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One More Reason to Stay Away from Credit Profile Numbers

Identity theft and Social Security card

A quick search on Google will bring up numerous Youtube videos and companies offering CPNs. I get several questions a week asking “what I think about Credit Profile Numbers.” I wrote my view on CPNs suggesting you approach such an offer with extreme caution.

A CPN is a multi-digit number that looks very similar to a Social Security number. Companies offering credit repair or a new credit profile sell credit profile numbers to people looking to improve their credit. But it’s turning out to be a new form of identity theft.

ABC News’ “Nightline” found out about one man who was offering CPN numbers named Donald Batiste operating out of Baton Rouge, Louisiana. Batiste advertised his services to customers all over the country as a fresh start to people with past credit problems.

Baptiste offered CPNs as a legal replacement for a Social Security number. He advised customers they could open new credit accounts, apply for lines of credit and even auto loans with the CPN. The caveat, people must alter their address when applying for new credit. This would create a new profile and new creditors would be unable to link the customer with their old Social Security number.

What Baptiste did not know or failed to tell his customers was that using a CPN in place of a Social Security number on credit applications is a federal crime. Consumers that purchase a CPN to use on a credit application may be committing several crimes, including identity theft and making false statements on loan or credit application.

Baptiste admitted in an interview with Nightline when asked about CPNs that “We build them.” “We go into the system, we apply for this new credit profile number through the Social Security Administration,” he said.

The Social Security Administration told Nightline that they do not issue CPNs.

CPNs are a guessing game

CPNs are basically just made up numbers. The problem with this is that a company issuing a CPN might give you a CPN that is actually a Social Security number of someone else, the Social Security number of a child or a Social Security number that has yet to be issued.

Users of CPNs could be committing Identity Theft

Batiste was recently arrested by Louisiana authorities in Baton Rouge, after turning himself in. He is accused of orchestrating a national financial fraud scheme that has resulted in the theft of more than 300 identities and more than $5 million in fraud. His official charges are felony racketeering and one count of criminal conspiracy. If convicted, he faces up to 75 years in prison.

In a news release by Louisiana Attorney General Buddy Caldwell, an alleged co-conspirator of Donald Batiste, Brenda Milson Taylor, was booked into a Baton Rouge, LA jail. She faces counts of racketeering and criminal conspiracy to commit racketeering.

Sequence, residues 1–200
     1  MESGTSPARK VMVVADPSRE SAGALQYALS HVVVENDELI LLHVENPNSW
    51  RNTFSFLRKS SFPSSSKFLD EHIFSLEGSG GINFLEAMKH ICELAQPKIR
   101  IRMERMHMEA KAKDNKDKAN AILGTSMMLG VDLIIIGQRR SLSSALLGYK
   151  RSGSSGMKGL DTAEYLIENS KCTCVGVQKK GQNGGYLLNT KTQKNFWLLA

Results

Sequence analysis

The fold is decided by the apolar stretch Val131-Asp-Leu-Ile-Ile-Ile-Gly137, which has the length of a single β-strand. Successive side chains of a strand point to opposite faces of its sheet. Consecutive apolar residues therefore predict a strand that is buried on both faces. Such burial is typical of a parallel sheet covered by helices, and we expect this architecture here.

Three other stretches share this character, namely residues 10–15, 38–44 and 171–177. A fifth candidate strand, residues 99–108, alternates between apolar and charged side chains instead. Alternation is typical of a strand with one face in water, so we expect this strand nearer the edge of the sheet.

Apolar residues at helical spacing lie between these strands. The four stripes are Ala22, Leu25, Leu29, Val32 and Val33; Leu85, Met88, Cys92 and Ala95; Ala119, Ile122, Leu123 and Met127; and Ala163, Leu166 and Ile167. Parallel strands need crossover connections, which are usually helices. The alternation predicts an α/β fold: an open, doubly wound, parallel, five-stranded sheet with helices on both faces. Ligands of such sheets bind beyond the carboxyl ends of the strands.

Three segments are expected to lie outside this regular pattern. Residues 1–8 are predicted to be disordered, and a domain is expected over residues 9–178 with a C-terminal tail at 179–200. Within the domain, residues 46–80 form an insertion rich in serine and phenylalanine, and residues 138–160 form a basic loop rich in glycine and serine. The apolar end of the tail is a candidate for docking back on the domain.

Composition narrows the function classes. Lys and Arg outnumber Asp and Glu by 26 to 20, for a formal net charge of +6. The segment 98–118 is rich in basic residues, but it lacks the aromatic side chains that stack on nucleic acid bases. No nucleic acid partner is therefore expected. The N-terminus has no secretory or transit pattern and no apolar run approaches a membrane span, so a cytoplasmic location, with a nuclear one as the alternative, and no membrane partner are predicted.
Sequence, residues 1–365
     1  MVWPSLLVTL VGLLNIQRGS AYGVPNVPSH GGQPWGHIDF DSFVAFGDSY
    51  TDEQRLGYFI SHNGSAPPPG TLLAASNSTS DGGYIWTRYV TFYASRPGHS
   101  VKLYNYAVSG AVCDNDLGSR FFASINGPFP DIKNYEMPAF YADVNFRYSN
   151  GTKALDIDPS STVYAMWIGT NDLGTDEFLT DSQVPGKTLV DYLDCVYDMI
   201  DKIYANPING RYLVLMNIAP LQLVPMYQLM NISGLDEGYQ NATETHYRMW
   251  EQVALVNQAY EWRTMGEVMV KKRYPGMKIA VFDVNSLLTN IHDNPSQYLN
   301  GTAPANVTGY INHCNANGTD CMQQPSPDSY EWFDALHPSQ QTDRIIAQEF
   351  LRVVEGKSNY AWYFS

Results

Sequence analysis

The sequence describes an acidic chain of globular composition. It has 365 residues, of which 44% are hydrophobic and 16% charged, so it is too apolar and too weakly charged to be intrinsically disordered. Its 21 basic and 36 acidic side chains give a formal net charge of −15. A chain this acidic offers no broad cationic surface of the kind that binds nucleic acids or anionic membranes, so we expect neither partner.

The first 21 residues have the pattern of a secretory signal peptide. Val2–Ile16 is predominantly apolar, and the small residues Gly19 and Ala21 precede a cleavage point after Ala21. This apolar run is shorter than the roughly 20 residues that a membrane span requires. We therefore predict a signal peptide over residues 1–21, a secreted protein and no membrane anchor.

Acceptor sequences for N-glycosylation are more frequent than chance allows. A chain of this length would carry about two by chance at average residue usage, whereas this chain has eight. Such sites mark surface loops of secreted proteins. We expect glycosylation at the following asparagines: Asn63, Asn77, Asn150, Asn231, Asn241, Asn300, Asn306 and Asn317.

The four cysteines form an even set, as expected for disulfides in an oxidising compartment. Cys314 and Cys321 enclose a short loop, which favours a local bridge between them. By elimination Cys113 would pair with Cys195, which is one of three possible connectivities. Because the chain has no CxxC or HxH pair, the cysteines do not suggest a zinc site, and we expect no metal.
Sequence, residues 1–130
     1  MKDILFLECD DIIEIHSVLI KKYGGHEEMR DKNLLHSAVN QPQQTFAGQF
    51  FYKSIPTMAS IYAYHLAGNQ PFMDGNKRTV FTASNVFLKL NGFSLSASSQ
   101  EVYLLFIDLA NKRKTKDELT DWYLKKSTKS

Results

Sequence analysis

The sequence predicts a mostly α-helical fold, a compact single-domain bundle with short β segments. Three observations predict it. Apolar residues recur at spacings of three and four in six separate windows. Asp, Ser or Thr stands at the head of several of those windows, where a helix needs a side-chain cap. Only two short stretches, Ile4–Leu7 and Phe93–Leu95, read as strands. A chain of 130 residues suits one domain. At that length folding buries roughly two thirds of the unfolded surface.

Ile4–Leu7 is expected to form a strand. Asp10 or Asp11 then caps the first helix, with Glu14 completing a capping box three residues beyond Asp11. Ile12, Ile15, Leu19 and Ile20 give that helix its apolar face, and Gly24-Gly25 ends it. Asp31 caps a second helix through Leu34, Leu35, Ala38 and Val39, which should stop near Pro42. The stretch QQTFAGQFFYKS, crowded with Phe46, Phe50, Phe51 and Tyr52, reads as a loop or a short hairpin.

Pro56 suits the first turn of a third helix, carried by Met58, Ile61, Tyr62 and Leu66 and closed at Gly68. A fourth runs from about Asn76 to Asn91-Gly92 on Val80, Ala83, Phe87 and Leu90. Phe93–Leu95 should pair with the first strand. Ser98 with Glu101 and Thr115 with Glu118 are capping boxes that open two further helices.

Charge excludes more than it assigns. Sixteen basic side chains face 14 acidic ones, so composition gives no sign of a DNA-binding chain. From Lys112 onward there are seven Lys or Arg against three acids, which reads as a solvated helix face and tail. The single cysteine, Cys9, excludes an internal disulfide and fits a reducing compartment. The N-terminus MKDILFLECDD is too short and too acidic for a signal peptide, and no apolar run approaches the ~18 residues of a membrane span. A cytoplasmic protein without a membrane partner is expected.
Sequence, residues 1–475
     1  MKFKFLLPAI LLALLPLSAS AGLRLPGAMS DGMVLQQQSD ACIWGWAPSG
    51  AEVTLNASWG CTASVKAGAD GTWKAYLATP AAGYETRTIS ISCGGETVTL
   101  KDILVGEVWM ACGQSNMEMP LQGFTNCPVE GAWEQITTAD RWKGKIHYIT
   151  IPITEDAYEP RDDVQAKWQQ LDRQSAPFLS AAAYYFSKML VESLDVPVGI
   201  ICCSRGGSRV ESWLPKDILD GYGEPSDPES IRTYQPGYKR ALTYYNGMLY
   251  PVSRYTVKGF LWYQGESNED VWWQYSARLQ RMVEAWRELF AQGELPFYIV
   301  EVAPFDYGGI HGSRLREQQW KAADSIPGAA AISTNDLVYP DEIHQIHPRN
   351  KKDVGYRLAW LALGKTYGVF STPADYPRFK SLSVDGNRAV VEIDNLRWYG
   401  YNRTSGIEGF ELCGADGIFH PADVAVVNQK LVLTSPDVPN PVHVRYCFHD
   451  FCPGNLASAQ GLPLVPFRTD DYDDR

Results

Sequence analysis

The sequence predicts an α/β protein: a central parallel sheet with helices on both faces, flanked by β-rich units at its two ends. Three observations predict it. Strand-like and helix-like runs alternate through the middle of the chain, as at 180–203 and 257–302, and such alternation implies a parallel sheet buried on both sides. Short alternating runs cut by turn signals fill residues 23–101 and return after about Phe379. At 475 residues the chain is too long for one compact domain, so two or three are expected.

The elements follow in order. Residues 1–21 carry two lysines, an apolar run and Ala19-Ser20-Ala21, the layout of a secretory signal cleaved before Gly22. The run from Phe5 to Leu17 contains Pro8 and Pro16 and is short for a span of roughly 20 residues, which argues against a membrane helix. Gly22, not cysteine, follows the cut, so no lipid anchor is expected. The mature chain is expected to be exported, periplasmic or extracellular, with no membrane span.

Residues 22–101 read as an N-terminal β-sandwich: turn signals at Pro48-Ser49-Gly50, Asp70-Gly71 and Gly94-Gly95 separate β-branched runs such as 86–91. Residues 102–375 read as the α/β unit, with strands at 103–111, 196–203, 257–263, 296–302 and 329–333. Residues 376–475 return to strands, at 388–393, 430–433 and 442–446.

According to The Advocate, Taylor used counterfeit bank records in an attempt to receive a $250,000 loan from Batiste’s company by misrepresenting that the loan was for her church. She’s also accused of using a fraudulent Social Security number to get auto loans for a 2009 Ford Flex and a 2007 Mercedes Benz.

Many of those CPNs that Baptiste allegedly issued were actually social security numbers of children, authorities said.

“Through our investigation, we found that many of the Social Security numbers were stolen from children. When we reached out to the victims’ parents, they had absolutely no clue that their kid’s identity had been stolen,” Louisiana Attorney General David Caldwell said.

Baptiste’s ex-wife, Jessica Clements-Batiste, also faces racketeering counts for helping her former spouse, Donald Batiste, trick hundreds of people into buying “Credit Profile Numbers” that were actually stolen Social Security numbers.

Clements-Batiste herself allegedly purchased an H3 Hummer using a CPN.  Clements-Batiste allegedly also worked with professional forgers to create fake Social Security cards, bank statements, utility bills and tax documents.

The scheme allegedly involved more than $1 million in auto loans that were funded, the release stated, with another $1.2 million fraudulently received on credit lines, credit cards and cell phone purchases. In addition, stolen Security numbers were used for more than $3 million in other loan applications.

Stay away from CPNs. Companies promoting CPNs could be a scam. CPNs may cause you to unintentionally commit fraud. Rebuild your credit history the right way. It make take a little longer but your freedom is worth far more than a quick fix to restore your credit.


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